Market at Highs: Is it Good Time to Invest
Market at Highs: Is it Good Time to Invest
The equity markets have had an impressive run after the pandemic in India. The Indian economy has shown tremendous resilience and strong fundamentals to back this growth. As of today, India continues to be a bright spot globally, being the fastest-growing large economy. As the rise of India continues and market is scaling new peaks. The last few years have attracted a lot of new investors to the markets and they would likely be sitting on impressive returns.
What matters to you is not the market levels but where you stand today with regard to your financial goals. The focus should always be on your financial and life goals. Thus, one should automatically make investment decisions based on your needs. This will immediately give you answers on the investments required, the investment horizon, and the suitable asset class exposure based on your risk profile. Your exposure to different asset classes, including equity, should be clear once this exercise is done properly. Whatever happens around you and to your portfolio, remember to always keep an eye out for the impact and the status of your financial goals.
Often people miss the big picture, and focus on pennies, ignoring the pounds. Following the asset allocation approach at the portfolio level or at a more granular, need level, is the ideal thing to do. Simply put, one needs to find the appropriate asset allocation and review the same periodically or after sharp market movements. One may adopt a fixed or a tactical asset allocation approach depending on your understanding and experience. Once this is clear, it can provide a lot of information, such as when to buy, sell, or rebalance assets.
Once your asset allocation is decided, one can explore mutual funds as an ideal vehicle for investments as exposure in these asset classes can be easily managed with mutual funds. Within mutual funds, there is a wide choice of funds that offer different levels/natures of diversification. By diversifying your holdings, you reduce the risks connected to the specific type /nature of investments. Diversification and professional management of your investments are the key benefits that mutual funds offer.
As investors, we should also remember that past performance may or may not be repeated in the future. Markets can be volatile, and behave like a pendulum in the short run, but in the long run, they tend to be more like weight machines. Research studies have also shown that the top-performing funds tend to rotate over different periods. Any decision purely based on performance-based rakings and returns, thus can back-fire. Setting our expectations on such past performance is also not wise. What is more important is the quality and consistency of good returns rather than just returns /performance itself.
Numerous studies have shown that the ability to time the market or market timing, often rarely contributes to your long-term performance. What contributes the most is your asset allocation decisions. Further, the time in the market is more important than trying to time the markets. Thus, as investors, this approach is something we should avoid and instead focus on being disciplined in our investments. Regular, systematic investments with SIPs have proven to be the ideal approach to making new investments at any market level. There is an element of rupee-cost-averaging or automatic timing inherent in this approach. Further, for fresh lumpsum investments, just focus on getting the time horizon right, i.e., invest for long-term, for at least 7 to 10 years with reasonable confidence.
Even though we have broken down and tried to simplify a lot of things, managing investments by yourself is not easy. Just like we have professional help in every aspect of our lives from doctors to accountants to lawyers and even your home cook, having a dedicated mutual fund distributor can ease a lot of things and help you get the right guidance. The real role of the distributor or an advisor will be to hand-hold you in turbulent times and help you avoid making costly investment mistakes. Your distributor would be like your partner, helping you in every decision-making process and in managing your mutual fund portfolio, during your entire journey.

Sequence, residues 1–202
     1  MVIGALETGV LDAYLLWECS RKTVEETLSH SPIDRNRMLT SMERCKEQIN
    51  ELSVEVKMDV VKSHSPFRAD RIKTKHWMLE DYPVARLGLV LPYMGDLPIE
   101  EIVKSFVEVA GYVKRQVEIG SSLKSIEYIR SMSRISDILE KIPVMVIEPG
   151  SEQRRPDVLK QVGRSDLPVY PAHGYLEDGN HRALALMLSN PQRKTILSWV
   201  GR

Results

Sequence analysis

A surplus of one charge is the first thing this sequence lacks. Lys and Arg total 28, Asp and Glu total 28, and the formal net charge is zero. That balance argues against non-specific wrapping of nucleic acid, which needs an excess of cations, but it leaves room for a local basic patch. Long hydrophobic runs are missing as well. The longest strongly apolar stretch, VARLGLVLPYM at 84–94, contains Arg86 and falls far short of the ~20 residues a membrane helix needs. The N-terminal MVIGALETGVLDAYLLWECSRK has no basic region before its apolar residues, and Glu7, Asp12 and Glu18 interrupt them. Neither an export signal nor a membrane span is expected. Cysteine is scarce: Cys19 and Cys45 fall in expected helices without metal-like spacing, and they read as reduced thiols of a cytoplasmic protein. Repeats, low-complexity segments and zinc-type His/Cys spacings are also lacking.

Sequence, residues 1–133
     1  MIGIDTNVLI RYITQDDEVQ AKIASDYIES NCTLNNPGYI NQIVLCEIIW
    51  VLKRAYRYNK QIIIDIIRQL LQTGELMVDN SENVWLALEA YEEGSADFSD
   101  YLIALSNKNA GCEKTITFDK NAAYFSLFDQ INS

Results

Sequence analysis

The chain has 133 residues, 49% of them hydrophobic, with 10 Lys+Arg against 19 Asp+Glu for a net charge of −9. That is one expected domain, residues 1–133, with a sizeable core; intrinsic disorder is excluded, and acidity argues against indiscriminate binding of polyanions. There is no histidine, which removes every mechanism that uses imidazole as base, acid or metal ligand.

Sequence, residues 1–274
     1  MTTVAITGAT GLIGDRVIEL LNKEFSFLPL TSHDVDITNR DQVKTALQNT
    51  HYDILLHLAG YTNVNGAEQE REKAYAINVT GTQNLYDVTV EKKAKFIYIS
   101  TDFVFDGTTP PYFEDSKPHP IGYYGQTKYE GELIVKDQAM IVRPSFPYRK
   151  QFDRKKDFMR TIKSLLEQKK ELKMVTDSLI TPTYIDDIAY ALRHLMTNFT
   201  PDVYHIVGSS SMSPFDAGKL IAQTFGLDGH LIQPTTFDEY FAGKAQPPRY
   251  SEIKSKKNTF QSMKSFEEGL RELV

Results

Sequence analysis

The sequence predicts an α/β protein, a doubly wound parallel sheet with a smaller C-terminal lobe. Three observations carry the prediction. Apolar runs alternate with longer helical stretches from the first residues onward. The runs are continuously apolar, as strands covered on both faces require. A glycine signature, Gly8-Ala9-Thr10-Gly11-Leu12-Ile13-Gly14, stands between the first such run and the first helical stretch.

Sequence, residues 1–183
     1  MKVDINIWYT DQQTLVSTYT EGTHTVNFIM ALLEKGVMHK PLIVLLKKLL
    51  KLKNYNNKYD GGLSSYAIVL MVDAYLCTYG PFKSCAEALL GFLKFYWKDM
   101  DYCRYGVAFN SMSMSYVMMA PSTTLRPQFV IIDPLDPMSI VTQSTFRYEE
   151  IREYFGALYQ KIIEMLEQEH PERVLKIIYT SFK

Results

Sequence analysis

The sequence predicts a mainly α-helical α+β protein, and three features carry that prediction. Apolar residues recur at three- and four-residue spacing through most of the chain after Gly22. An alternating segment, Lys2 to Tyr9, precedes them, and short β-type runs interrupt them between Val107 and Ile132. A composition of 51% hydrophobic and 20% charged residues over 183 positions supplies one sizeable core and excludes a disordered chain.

Bottom Line
Markets will hopefully continue to see newer highs and some lows and with bright prospects, in the years and decades to come. As investors though, what matters is how we can best take advantage of this lifetime opportunity of the Indian growth story. At the micro level, irrespective of what happens around us, what matters to us is what we do and continue to do in our lifetime. Staying grounded, and going back to basics, even though it may appear boring or less exciting, is what will matter in the long run. A few percentage points up or down today will hardly matter a decade later. The focus, in the end, should always be on identifying, planning, and achieving our life's goals for ourselves and our beloved family members. That is where your 'real' performance in life will be judged.
NJ E-wealth
Types of Investment Risks & Navigating Them
Types of Investment Risks & Navigating Them
In the world of investing, the pursuit of wealth comes hand in hand with the need for effective risk management. As investors navigate the complex wealth management world, they must realize that wealth preservation is as crucial as wealth accumulation. Every investment faces some risks that can potentially lead to financial losses or lower-than-expected returns on investments. Whether you choose to invest or not invest, you knowingly or unknowingly are taking risks. Identifying and understanding these risks becomes important for any investor so that one can effectively either avoid or reduce or take measures to manage the risks.
This is the risk emanating from overall market conditions and economic factors which can lead to the decline of investment value. We can extend this to risks related to changes in government policies, political instability, and regulatory shifts affecting investments. One can easily manage this risk with diversification at the asset class level and by having some understanding of the long-term market prospects given the conditions prevalent today.
The risk associated with changes in interest rates affecting the value of fixed-income or debt investments, like bonds. As interest rates rise, the value of debt investments fall and vice-versa depending on the maturity period of holdings. One can choose to diversify across different maturity levels and issuers to reduce this risk. Understanding interest rate cycles can also help us to manage this risk appropriately.